Tanker Market Prospects - Feb 13

Source: OPEC_RP130202 2/12/2013, Location: Europe

The year 2012 was a challenging year for the tanker industry. Several ship sizes – if not the market as a whole – suffered from a combination of low freight rates and high idle capacity. The year started with slightly improved freight rates in the first quarter for both dirty and clean vessels. However, by the summer season, dirty spot freight rates reached an absolute low, in which owners’ margins were often reported at zero, or even a loss, as bunker prices increased. This was partially due to new regulation limiting the sulphur content of bunker fuel, which came into force in January 2012 and raised operational cost to higher levels. By November, however, spot freight rates saw an overall improvement, on the back of winter seasonal oil demand.

The continued increase in tanker fleet capacity was another negative factor impacting the market last year. Indeed, between 2008 and 2012, tanker fleet capacity increased by 25%, leading to an imbalance in tonnage supply and demand. Fleet expansion could have been even stronger in 2012 if not for a number of delivery postponements.

Last year, dirty vessel capacity increased by 5% and clean capacity rose by 2%. Fleet expansion was mainly seen in VLCC and Suezmax, while Aframax increased to a lesser degree. Despite the fall in the number of deliveries, fleet capacity remained plentiful and any new influx would have only worsened the existing tonnage over-supply in the market. Freight rates were also affected by 2012 Worldscale flat rates, which were almost 20% higher than in the previous year.

On the whole, the oil tanker market was clearly out of balance in 2012. Sluggish global economic growth leading to weak oil demand fundamentals, as well as global pipeline expansions and the continued inflow of new tonnage sent freight rates lower.

The removal of vessels from the trading fleet provided one of the only means to alleviate the severe imbalance between tonnage supply and demand in 2012. Vessel scrapping accelerated over the course of 2012, as older vessels lost more value, providing an incentive to sending them to the scrap yards. At the same time, resale values fell to their lowest level in 10 years, with the price of a five-year-old tanker dropping by 6%.

Looking ahead, many of the factors depressing rates during the previous year will likely continue to cast their shadow over the current year’s performance. The expansion in tanker fleets is likely to be particularly strong in 1Q13, as some deferred deliveries from 2012 are expected. This could put further pressure on tanker freight rates. Fleet growth will continue in 2013, although to a lesser degree. Therefore, the imbalance between tonnage supply and demand is expected to persist.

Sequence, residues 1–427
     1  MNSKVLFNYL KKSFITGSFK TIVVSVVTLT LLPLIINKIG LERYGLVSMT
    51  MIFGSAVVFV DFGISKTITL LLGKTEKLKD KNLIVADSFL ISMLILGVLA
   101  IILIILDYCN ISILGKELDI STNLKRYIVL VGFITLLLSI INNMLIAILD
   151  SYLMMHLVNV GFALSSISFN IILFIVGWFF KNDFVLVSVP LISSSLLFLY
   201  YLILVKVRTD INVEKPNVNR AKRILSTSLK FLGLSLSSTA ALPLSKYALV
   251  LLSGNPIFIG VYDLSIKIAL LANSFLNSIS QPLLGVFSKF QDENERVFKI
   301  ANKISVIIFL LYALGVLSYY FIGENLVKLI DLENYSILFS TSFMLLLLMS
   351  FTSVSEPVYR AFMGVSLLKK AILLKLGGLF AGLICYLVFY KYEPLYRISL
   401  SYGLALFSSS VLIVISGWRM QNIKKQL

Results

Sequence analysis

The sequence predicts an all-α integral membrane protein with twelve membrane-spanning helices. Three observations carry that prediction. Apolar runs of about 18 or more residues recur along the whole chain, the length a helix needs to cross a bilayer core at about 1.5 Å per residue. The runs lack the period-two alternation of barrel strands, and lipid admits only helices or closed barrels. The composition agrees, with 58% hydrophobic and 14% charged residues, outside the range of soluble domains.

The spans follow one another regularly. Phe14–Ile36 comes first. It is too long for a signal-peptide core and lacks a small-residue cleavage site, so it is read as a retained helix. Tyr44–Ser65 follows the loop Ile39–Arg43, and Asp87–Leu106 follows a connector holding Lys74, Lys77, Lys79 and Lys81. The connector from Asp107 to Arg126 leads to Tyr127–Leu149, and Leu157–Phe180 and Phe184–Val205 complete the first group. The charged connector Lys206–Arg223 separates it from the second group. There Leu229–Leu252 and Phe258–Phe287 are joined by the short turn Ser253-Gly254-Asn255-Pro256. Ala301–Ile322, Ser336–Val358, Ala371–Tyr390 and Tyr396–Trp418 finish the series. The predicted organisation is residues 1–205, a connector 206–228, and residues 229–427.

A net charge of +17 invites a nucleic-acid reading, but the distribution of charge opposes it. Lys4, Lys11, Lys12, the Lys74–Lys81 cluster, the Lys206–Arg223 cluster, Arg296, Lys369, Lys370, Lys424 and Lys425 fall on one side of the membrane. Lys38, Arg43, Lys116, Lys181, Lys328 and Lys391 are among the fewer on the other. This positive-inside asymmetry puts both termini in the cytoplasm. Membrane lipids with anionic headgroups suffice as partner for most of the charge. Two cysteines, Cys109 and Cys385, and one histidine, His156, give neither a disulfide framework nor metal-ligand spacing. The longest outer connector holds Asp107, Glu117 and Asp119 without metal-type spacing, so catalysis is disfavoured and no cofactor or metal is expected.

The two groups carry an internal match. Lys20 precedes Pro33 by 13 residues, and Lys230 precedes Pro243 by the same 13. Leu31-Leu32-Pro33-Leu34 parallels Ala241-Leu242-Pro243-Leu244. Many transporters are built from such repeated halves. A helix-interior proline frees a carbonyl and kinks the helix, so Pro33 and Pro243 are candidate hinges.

The gains in freight rates seen in the last two months of 2012 are seen providing some support for market sentiment in 2013. While the tanker market is expected to continue to be pressured by new fleet additions, rates are not expected to drop below the levels of 2012 and could even experience a slight increase. Indeed, recent signs of a global economic recovery also offer some hope, as GDP and world trade are expected to increase to 3.2% and 4% in 2013, higher than in the previous year. Furthermore, expected additional growth in global crude demand to Asian economies, especially China and India, are projected to lead to higher oil demand in these markets and will likely translate into higher tonnage demand.

Also, tanker owners are in concrete talks on consolidation. This could be a solution to minimize cost in order to decrease losses. Overall, the above factors will impact the shipping industry this year, but it is still too early to gauge the extent of these effects.

Additionally, new energy efficiency measures mandated by the International Maritime Organization (IMO) came into force at the start of this year. These will require an energy efficiency management plan and introduce a fuel efficiency tool at the design stage of new vessels. Both measures are targeted to reduce vessel energy consumption, with milestones planned over the coming years.

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Related Categories: General  LNG Carriers  LNG Terminal  Natural Gas Storage  Oil and Gas Pipeline  Oil Storage  Railways  Tank Truck  Tankers 

Related Articles: General  LNG Carriers  LNG Terminal  Natural Gas Storage  Oil and Gas Pipeline  Oil Storage  Railways  Tank Truck  Tankers 

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